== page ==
In the linked video below, our succulent whisperer Tom talks about this fleshy wonder from South Africa being a delightful fit for a bright sill or nook.
Looking for some awesome succulent videos? Head on over to our retail page, shopaltmanplants.com, to find hours of succulent videos to get lost in. From succulent care to DIY projects, we cover it all. See you there!
Anacampseros rufescens (aka sand rose) is a small succulent from South Africa. Its slowly creeping stems cluster freely to form mats, becoming a small area ground-cover in time, each rosette about 4″ tall and wide. It also makes an excellent potted windowsill plant. Single flowers arise on 3″ to 4” stems above the leaves and are pink to rose-purple, 3/4″ wide, and resemble flattened Portulaca flowers; they open in late afternoon, closing every night. A. rufescens grows best with full sun to partial shade and ample airflow, with a well-drained soil mix.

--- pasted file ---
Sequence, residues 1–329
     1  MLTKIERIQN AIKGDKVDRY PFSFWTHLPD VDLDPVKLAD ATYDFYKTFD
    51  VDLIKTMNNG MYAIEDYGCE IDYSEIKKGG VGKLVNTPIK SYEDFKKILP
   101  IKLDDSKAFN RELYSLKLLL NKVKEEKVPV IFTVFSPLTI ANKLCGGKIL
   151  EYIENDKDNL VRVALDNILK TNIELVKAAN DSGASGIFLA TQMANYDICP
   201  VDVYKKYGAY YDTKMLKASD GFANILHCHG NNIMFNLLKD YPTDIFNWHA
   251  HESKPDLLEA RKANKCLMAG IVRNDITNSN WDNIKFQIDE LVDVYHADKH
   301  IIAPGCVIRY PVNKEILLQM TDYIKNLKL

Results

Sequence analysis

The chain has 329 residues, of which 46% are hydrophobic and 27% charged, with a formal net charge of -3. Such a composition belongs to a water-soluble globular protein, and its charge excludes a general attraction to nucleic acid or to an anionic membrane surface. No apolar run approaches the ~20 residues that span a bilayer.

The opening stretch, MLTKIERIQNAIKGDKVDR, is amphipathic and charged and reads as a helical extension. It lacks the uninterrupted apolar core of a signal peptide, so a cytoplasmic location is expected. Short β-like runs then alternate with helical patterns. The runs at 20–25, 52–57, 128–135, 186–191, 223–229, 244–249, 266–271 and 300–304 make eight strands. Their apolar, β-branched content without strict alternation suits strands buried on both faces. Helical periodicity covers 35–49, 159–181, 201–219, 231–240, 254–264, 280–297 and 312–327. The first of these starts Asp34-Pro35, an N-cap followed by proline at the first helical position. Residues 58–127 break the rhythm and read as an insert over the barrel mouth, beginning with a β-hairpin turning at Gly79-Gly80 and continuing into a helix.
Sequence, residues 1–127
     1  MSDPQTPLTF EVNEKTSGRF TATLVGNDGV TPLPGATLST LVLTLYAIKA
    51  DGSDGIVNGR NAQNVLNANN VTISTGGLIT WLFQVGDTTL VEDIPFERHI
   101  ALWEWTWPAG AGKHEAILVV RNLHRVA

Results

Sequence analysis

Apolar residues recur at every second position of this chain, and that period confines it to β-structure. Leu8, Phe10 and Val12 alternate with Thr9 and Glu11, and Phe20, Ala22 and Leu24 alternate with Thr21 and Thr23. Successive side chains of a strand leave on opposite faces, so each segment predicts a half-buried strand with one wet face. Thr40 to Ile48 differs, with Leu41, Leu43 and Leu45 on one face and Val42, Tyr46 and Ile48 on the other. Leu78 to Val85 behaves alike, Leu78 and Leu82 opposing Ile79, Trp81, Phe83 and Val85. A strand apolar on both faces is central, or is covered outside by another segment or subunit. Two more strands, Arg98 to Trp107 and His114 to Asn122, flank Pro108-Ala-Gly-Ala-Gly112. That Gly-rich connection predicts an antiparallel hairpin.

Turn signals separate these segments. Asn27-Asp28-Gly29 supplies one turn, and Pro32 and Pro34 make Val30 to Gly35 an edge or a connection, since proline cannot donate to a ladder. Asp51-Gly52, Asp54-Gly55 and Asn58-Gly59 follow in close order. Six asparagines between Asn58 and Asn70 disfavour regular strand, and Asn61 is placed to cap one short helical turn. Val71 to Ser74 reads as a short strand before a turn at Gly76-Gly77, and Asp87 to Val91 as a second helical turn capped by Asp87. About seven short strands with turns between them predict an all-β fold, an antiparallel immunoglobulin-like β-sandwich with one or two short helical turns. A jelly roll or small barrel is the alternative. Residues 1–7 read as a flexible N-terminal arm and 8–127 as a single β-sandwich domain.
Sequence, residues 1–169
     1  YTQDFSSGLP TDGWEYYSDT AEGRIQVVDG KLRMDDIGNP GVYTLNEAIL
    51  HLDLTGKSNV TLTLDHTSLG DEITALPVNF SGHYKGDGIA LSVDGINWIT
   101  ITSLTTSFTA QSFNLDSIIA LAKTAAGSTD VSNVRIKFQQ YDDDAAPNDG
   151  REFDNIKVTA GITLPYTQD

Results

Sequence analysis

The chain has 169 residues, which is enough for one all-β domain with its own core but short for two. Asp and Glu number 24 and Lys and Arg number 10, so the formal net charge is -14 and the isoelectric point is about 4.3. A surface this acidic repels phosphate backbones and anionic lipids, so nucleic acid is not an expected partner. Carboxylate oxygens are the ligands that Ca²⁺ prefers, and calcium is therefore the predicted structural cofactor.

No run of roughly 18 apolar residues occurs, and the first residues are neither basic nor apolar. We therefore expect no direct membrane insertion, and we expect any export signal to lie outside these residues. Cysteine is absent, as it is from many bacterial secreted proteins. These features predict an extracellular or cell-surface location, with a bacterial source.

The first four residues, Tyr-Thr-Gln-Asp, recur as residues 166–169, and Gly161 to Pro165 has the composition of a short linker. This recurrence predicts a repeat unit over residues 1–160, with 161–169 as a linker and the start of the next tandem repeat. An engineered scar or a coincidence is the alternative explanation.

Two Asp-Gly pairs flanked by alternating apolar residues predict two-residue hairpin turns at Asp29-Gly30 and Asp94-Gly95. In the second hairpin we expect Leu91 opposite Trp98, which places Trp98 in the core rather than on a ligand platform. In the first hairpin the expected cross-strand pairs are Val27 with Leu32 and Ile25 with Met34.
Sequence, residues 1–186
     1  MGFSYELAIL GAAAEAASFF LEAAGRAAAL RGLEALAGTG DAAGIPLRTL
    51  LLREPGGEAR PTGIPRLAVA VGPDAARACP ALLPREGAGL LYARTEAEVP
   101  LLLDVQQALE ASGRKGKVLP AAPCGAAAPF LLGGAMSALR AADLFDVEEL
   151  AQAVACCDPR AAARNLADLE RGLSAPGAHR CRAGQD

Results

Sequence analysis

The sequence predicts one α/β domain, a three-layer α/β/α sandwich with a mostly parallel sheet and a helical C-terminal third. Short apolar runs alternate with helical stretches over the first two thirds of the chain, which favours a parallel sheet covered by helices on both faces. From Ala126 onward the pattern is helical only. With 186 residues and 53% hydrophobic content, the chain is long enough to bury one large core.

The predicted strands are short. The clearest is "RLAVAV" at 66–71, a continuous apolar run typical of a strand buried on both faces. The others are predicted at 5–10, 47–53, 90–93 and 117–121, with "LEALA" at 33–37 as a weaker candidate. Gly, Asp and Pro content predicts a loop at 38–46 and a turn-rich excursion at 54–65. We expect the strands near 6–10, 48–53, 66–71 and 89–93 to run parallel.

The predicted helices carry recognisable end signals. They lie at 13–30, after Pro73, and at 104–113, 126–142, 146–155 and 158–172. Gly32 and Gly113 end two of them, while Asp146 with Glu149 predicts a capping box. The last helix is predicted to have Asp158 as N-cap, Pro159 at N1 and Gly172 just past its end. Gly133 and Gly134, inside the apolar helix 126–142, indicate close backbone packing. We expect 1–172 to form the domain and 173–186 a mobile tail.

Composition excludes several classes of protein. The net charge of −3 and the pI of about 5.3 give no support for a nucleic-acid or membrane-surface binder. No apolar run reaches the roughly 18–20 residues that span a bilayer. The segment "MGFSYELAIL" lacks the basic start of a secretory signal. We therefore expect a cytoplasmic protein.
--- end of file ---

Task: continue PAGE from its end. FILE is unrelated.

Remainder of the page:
For our latest DIY project, we show you how to create a fairy garden pool party featuring Crassula tetragona, zebra plant (haworthia), cactus, and mimicry succulents such as baby toes and lithops, as well as a couple of choice decor accessories and one handsome-as-can-be miniature gnome.